Plan calls for 433 new units by 2014
By Nao Braverman
Though incredulous members of the public compare the state’s housing requirements to that of Communist Russia, Ojai’s Planning Commissioners agreed that Ojai needs to follow them.
At a special Planning Commission meeting Wednesday night, the commission recommended that the City Council approve the Preliminary Housing Plan.
Constructed by consultant Tom Figg, in cooperation with a task force comprised of planning commissioners and representatives from local non-profit housing agencies, the preliminary plan outlines how the city will allow for the construction of 433 units between 2006 and 2014.
With six new units built since 2006 already the 433 unit requirement has decreased to 427. Fifty of them could be allocated to seniors to address the city’s increasing number of senior citizens, 15 can be obtained through affordable housing covenants, which make existing units contractually affordable, seven could be obtained through second units on already existing homes, 13 can be constructed in the Village Mixed Use zone and the remaining 196 could be constructed in a special housing overlay.
The overlay would allow proprietors of land zoned for industrial use to construct housing instead. Since housing construction would be optional and not required, the overlay will be large enough to accommodate twice as many as the required 196 units, because there is no guarantee that property owners will build housing, according to the plan. In correspondence to Ojai’s population demographics, 254 of the total new units need to be affordable to low, very low- and moderate income residents, according to Figg.
Several residents including task force member Rod Greene argued that the city should refuse to adhere to the State Department of Housing and Community Development. Ojai resident Stan Greene said that 427 new units was an atrocious request that did not make sense for Ojai, and that the city’s water infrastructure could not accommodate such an increase. A state agency that had no knowledge of the community should not have the right to make such demands, he said.
“This topdown authoritative planning is like the Soviet Union,” he added.
According to the Regional Housing Needs Assessment Ventura County must allow for 28,481 units to be built by 2014 and the Southern California Association of Governments allotted 433 of those to be constructed in Ojai. The city is required to update it’s Housing Element to accommodate the constructing of those additional units.
City attorney Monte Widders explained that the only way to legally challenge the state’s mandate was to show findings that Ojai does not have enough land to build on or enough money to assist in the construction of affordable housing.
Rod Greene was insistent on refusing the mandate nonetheless.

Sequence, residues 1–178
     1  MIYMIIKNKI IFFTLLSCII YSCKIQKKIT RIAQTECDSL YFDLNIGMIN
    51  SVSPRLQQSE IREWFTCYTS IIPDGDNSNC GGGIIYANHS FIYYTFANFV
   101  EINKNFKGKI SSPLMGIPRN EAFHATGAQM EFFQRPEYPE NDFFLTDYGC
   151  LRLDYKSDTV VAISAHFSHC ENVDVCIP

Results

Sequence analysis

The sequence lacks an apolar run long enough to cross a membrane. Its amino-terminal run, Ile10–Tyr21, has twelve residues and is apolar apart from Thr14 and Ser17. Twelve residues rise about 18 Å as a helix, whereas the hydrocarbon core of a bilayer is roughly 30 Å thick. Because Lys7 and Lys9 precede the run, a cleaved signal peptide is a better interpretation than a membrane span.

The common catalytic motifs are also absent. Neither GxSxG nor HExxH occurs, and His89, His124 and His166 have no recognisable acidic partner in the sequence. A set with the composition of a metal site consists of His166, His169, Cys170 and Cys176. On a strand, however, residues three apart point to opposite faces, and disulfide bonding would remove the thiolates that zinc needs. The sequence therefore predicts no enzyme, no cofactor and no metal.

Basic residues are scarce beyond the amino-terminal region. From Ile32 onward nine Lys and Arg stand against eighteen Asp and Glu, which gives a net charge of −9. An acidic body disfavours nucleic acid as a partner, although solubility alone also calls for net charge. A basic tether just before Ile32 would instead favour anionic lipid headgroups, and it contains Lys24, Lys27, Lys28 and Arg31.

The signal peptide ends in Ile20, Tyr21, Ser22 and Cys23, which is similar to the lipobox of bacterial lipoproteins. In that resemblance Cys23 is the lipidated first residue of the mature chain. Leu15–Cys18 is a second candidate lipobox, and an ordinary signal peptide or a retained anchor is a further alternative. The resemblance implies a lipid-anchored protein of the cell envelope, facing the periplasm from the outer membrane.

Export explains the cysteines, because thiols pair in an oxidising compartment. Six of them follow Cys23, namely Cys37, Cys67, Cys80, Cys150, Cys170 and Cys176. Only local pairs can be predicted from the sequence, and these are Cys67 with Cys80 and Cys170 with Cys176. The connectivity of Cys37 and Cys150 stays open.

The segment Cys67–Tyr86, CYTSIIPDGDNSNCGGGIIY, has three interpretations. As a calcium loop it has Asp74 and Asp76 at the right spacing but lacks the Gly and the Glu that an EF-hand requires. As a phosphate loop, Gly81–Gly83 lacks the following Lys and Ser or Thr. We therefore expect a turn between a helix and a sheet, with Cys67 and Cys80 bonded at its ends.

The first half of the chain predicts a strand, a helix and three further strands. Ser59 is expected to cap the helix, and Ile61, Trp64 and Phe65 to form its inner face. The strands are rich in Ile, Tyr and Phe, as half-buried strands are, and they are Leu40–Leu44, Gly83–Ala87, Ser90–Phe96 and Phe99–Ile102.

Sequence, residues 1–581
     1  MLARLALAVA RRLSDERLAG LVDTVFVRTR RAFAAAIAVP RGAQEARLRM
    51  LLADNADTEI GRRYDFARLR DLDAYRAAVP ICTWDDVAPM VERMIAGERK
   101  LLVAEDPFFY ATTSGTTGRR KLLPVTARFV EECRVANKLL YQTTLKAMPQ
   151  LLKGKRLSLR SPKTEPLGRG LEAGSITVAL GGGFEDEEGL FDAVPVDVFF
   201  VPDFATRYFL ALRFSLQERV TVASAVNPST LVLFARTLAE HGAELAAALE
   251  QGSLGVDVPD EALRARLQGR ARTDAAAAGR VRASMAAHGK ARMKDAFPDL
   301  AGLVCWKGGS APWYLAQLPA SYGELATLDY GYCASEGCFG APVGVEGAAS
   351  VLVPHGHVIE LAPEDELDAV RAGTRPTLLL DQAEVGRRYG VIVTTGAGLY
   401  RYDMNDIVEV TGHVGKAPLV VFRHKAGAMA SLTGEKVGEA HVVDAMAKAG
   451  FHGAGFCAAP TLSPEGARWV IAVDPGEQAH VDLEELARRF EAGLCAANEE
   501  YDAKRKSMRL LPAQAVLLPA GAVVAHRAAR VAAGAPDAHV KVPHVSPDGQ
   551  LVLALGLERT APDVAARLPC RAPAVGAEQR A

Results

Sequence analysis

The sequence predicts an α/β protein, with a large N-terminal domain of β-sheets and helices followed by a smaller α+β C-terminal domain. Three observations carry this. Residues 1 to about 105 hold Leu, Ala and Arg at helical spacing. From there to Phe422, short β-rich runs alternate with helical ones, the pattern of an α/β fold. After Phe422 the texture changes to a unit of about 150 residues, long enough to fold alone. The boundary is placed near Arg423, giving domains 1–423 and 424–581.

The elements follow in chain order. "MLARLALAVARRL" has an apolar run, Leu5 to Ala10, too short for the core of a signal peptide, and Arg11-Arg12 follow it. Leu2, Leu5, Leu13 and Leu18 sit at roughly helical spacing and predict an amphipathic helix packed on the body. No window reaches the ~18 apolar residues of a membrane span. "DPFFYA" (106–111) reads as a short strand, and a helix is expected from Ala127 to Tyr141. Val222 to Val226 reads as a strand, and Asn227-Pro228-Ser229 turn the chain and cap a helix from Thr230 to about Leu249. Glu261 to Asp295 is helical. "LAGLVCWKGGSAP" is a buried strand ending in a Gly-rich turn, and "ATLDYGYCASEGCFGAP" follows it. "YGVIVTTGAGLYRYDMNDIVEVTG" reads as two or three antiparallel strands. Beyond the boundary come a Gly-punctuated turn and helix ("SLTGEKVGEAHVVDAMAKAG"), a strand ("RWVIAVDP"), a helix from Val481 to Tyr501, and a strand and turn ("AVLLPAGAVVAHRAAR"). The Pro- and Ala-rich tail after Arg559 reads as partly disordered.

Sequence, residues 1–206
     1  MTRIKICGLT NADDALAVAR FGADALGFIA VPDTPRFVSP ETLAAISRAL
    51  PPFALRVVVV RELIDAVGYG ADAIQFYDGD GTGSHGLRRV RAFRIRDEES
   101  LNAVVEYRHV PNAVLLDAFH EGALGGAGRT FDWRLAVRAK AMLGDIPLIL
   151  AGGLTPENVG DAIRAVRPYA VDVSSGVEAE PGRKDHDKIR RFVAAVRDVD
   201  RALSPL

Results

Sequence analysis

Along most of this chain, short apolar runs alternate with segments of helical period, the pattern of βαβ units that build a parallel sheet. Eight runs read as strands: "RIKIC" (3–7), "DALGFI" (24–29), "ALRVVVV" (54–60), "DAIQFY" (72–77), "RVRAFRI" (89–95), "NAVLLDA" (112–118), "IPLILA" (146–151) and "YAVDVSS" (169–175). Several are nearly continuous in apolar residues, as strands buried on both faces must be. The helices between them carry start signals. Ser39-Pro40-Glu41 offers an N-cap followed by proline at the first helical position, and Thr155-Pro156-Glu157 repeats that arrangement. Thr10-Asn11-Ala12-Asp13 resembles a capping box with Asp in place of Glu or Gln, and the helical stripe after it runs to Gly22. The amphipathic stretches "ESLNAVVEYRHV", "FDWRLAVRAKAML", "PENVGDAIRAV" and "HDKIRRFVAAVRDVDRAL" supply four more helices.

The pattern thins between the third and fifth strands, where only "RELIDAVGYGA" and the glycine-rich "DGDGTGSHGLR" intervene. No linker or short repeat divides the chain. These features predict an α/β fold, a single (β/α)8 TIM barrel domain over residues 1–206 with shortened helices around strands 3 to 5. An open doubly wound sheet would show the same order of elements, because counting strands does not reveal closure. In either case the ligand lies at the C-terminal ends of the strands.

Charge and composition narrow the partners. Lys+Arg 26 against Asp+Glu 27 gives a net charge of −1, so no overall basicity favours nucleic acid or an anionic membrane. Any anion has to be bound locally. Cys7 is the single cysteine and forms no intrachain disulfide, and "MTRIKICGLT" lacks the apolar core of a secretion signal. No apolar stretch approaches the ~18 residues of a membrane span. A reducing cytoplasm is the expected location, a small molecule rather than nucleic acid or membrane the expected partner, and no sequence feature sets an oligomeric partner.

“Its preliminary plan was the most environmentally destructive proposal Ojai has ever had,” he said.
Ojai resident Bill Miley wondered whether the city had enough water to accommodate the mandated growth.
“Without water there is no life. Without adequate water there is no viable community and economy …” he said. Therefore, before we go barging ahead with a Housing Element Plan, there needs to be a water resource supply assessment for the next five to seven years.”
Planning Commissioner Cortus Koehler agreed.
“I am uncomfortable about the environmental ramifications. If you are making it possible to build 400 and some units, they could possibly be built, and I think that would be catastrophic,” he said.
The remaining commissioners, though a little daunted by the numbers of new units required, thought the Housing Element Plan was a good opportunity for the city to address housing needs for the local work force and the inevitable growing population. The plan was recommended by all commissioners, except Koehler.
At the council meeting the night before, City Council approved a design review permit for Richard Colla’s Aliso Street Condominium Development, “Cottages Among the Flowers.”
The project would remodel eight existing affordable rental units in addition to the construction of two new units. Though the project plans were tasteful according to council members, several current tenants said the remodel would force out existing renters who would likely not be able to afford condominiums and might have to leave Ojai. Though council members all expressed sympathy for the loss of much needed rental units, they concurred with Colla that a remodel was needed.
Mayor Carol Smith said she could not vote for the project unless some compensation for the loss of rental units was offered, particularly as the recent housing element study outlined the need for affordable rentals in Ojai. But Colla said he could not make such a promise without increasing the prices, and such an increase would probably make the condominiums too expensive. “Cottages Among the Flowers” was thus approved with the support of every council member except Smith.